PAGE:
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2 Postcard Lot Jewish Hebrew Illuminated Manuscript Art Menorah Torah #1 For Sale

2 Postcard Lot Jewish Hebrew Illuminated Manuscript Art Menorah Torah #1

TWO (2) POSTCARDS LOT
JEWISH HEBREW ILLUMINATED MANUSCRIPT ART

(LEFT): AMULET SHEET SHOWING A MENORAH
THE BRITISH LIBRARY: Or MS 14057 no 50
+
(RIGHT): LISBON MISHNEH TORAH
PORTUGAL, 1471 - 1472
COPIED BY SAMUEL IBN ALZUK
FOR JOSEPH BEN DAVID IBN YAHYA
FULL PAGE ILLUMINATION OF THE OPENING OF THE INTRODUCTION TO THE CODE OF LAW
THE BRITISH LIBRARY: Harley MS 5698 f1 1v

TWO UNUSED MODERN C. 1996 REPRINT POST CARD CARDS POSTCARD POSTCARDS

APPROX. SIZE OF CARD: 6.5" X 4.75"
SHIPPING AND HANDLING:
FREE IN UNITED STATES; $2 WORLDWIDE

19 Description The Torah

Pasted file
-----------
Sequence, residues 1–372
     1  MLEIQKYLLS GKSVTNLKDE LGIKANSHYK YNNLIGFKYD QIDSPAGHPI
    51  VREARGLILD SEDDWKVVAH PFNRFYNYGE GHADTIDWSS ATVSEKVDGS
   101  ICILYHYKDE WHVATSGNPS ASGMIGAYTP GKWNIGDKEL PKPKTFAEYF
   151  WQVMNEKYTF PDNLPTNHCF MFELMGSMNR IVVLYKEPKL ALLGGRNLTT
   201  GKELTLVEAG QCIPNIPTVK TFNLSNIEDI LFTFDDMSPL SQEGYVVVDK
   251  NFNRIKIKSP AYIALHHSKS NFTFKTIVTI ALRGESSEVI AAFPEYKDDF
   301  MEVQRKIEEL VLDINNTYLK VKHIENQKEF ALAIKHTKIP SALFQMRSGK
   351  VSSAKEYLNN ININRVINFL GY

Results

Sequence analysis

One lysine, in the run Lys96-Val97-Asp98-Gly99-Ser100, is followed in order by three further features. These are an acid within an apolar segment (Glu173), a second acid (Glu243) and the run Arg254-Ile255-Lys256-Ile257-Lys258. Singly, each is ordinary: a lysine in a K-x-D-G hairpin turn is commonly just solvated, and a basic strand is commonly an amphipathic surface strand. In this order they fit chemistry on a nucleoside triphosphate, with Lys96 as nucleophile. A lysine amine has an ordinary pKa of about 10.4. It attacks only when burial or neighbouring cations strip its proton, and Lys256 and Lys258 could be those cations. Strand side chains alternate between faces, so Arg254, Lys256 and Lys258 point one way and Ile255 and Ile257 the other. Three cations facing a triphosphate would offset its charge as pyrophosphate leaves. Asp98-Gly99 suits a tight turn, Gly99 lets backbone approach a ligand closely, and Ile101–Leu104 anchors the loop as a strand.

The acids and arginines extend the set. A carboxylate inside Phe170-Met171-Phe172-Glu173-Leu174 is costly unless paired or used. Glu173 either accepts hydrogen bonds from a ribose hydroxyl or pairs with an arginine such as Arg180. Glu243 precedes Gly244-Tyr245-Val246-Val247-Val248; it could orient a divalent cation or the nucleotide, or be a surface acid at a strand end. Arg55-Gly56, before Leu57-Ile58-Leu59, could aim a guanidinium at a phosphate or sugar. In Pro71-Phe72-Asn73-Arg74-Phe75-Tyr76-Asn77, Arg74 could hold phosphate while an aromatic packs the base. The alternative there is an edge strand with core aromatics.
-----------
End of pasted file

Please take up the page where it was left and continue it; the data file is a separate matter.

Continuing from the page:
The term "Torah" (Hebrew: "learning" or "instruction," sometimes translated as "Law"), refers either to the Five Books of Moses (or Pentateuch) or to the entirety of Judaism's founding legal and ethical religious texts. A "Sefer Torah" "book of Torah") or Torah scroll, is a copy of the Torah written on parchment in a formal, traditional manner by a specially trained scribe under very strict requirements. The Torah is the most holy of the sacred writings in Judaism. It is the first of three sections in the Tanakh (Hebrew Bible), the founding religious document of Judaism, and is divided into five books, whose names in English are Genesis, Exodus, Leviticus, Numbers, and Deuteronomy, in reference to their themes (Their Hebrew names, Bereshit, Shemot Vayikra Bemidbar and Devarim are derived from the wording of their initial verses). The Torah contains a variety of literary genres, including allegories, historical narrative, poetry, genealogy, and the exposition of various types of law. According to rabbinic tradition, the Torah contains the 613 mitzvot "commandments"), which are divided into 365 negative restrictions and 248 positive commands. In rabbinic literature, the word "Torah" denotes both the written text, "Torah Shebichtav" "Torah that is written"), as well as an oral tradition, "Torah Shebe'al Peh" "Torah that is oral"). The oral portion consists of the "traditional interpretations and amplifications handed down by word of mouth from generation to generation," now embodied in the Talmud and Midrash. Jewish religious tradition ascribes authorship of the Torah to Moses through a process of divine inspiration. This view of Mosaic authorship is first found explicitly expressed in the Talmud, dating from the 3rd to the 6th centuries CE, and is based on textual analysis of passages in the Torah and the subsequent books of the Hebrew Bible. The Zohar, the most significant text in Jewish mysticism, states that the Torah was created prior to the creation of the world, and that it was used as the blueprint for Creation. According to dating of the text by Orthodox rabbis the revelation of the Torah to Moses occurred in 1380 BCE at Mount Sinai.[citation needed] Contemporary secular biblical scholars date the completion of the Torah, as well as the prophets and the historical books, no earlier than the Persian period (539 to 334 BCE). Scholarly discussion for much of the 20th century was principally couched in terms of the documentary hypothesis, according to which the Torah is a synthesis of documents from a small number of originally independent sources. Outside of its central significance in Judaism, the Torah is accepted by Christianity as part of the Bible, comprising the first five books of the Old Testament. The various denominations of Jews and Christians hold a diverse spectrum of views regarding the exactitude of scripture. The Torah has also been accepted to varying degrees by the Samaritans and others as the authentic revealed message of God to the Israelites and as a factual history of the early Israelites, in both cases as conveyed by Moses. In Islam, the Torah (along with the Christian Gospels) or Tawrat is seen as an authentic revelation from God corrupted with the additions and alterations of men. The faiths revering the Pentateuch consider many of their central tenets to be illustrated in the narratives of the Torah. Menorah (Temple)